Suppose it's your job to maintain a document for a division in your company—a handbook of some sort. One day a different division asks you for the same handbook, but with a few parts “tweaked” for them, since they do things slightly differently.
What do you do in this situation? You do the obvious: make a second copy of your document and begin maintaining the two copies separately. As each department asks you to make small changes, you incorporate them into one copy or the other.
You often want to make the same change to both copies. For example, if you discover a typo in the first copy, it's very likely that the same typo exists in the second copy. The two documents are almost the same, after all; they differ only in small, specific ways.
This is the basic concept of a branch—namely, a line of development that exists independently of another line, yet still shares a common history if you look far enough back in time. A branch always begins life as a copy of something, and moves on from there, generating its own history (see Figure 4.1, “Branches of development”).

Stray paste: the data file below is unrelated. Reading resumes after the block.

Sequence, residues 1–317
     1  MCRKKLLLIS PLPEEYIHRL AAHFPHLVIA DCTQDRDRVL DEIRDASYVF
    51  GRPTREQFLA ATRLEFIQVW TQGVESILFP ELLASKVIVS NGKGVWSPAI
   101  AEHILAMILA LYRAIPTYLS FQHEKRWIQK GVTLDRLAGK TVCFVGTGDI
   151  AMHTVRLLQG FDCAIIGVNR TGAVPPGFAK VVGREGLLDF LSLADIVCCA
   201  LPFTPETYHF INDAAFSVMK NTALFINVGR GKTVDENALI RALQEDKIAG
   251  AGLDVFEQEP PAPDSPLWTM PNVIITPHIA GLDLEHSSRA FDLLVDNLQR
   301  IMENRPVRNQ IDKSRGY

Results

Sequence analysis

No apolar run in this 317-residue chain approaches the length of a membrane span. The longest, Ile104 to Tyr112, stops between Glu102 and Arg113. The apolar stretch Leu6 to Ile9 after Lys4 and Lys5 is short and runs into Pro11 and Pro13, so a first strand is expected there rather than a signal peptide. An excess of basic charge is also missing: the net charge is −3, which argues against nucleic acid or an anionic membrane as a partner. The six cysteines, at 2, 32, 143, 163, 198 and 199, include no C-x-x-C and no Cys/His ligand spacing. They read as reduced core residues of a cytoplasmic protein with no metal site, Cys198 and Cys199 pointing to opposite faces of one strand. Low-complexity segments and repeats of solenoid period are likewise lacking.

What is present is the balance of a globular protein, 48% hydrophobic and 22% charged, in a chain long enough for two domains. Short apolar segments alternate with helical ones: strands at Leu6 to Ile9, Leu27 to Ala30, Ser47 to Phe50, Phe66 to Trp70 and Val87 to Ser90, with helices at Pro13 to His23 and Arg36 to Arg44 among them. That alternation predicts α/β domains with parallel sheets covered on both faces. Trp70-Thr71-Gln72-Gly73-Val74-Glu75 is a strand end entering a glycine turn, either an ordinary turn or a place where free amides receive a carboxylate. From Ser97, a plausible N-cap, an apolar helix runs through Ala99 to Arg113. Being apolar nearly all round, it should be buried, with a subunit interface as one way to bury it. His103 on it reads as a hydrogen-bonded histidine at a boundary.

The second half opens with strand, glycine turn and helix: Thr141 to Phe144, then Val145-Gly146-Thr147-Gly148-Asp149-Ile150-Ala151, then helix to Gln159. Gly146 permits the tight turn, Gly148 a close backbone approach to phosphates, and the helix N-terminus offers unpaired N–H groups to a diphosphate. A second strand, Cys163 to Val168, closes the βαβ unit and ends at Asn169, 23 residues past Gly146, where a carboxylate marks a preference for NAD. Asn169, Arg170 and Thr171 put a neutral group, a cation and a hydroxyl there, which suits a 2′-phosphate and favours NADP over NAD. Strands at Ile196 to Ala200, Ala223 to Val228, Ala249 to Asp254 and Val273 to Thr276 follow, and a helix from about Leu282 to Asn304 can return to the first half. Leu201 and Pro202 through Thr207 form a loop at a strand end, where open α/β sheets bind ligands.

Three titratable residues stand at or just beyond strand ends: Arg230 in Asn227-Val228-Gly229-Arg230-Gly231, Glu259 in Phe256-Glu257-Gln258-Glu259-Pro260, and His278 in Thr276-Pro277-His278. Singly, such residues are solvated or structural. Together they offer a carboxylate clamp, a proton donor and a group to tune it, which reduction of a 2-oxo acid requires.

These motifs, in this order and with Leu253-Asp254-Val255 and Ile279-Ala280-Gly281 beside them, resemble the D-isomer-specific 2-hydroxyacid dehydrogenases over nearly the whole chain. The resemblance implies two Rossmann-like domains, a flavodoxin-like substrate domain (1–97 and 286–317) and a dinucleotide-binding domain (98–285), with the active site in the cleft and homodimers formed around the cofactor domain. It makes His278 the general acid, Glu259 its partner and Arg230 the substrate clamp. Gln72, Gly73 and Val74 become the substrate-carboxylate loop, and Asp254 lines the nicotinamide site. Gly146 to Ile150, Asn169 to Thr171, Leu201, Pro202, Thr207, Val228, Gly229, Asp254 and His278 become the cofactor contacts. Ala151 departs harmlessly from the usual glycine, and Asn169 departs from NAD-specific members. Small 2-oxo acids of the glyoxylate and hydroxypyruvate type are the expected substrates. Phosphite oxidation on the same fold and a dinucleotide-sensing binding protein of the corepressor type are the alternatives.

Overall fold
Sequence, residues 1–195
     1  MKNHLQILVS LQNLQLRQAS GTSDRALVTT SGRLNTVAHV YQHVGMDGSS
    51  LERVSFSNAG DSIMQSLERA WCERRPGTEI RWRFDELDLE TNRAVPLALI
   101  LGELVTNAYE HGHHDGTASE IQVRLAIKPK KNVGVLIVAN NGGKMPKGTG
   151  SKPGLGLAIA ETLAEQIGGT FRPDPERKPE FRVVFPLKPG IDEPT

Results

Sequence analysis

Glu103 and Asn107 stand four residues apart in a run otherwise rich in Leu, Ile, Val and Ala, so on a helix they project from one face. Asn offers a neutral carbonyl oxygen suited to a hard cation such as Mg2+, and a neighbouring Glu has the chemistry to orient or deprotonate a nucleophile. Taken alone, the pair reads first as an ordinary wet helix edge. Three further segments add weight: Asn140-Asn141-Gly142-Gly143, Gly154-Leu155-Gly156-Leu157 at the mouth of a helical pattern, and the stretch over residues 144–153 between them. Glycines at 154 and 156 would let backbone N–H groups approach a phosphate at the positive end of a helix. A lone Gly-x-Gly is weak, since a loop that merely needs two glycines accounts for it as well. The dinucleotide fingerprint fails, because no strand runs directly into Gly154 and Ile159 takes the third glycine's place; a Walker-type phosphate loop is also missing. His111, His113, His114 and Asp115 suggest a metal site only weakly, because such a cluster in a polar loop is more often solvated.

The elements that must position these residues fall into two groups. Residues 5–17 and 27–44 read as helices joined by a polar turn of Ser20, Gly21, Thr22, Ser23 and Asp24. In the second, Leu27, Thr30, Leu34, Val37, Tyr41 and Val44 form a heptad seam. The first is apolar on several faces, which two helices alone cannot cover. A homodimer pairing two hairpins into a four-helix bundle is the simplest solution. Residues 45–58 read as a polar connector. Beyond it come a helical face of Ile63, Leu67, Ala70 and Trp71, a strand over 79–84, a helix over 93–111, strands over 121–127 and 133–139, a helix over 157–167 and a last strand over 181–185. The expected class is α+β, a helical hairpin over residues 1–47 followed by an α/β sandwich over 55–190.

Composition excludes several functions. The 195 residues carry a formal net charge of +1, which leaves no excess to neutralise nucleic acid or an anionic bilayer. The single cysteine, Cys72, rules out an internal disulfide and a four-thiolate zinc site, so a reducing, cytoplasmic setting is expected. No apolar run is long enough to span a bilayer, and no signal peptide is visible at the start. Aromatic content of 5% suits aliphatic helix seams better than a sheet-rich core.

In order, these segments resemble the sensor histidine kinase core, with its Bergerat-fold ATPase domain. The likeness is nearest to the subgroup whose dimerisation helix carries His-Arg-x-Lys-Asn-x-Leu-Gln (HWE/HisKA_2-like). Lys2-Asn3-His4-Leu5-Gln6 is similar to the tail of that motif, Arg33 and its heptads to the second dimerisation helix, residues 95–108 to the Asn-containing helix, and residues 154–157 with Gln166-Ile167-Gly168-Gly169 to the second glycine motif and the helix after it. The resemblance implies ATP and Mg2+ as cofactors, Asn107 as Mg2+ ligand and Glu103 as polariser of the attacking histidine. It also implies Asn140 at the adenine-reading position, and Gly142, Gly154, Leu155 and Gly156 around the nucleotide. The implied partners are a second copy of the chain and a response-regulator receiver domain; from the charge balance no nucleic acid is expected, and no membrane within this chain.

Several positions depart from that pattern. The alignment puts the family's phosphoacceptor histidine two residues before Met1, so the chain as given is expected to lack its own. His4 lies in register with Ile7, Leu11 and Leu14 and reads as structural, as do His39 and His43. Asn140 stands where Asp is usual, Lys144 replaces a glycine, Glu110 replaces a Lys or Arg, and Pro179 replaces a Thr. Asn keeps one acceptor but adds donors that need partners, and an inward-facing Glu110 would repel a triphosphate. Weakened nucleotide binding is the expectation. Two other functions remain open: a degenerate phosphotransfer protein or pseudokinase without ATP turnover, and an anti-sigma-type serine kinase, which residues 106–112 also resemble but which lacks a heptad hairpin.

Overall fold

Subversion has commands to help you maintain parallel branches of your files and directories. It allows you to create branches by copying your data, and remembers that the copies are related to one another. It also helps you duplicate changes from one branch to another. Finally, it can make portions of your working copy reflect different branches, so that you can “mix and match” different lines of development in your daily work.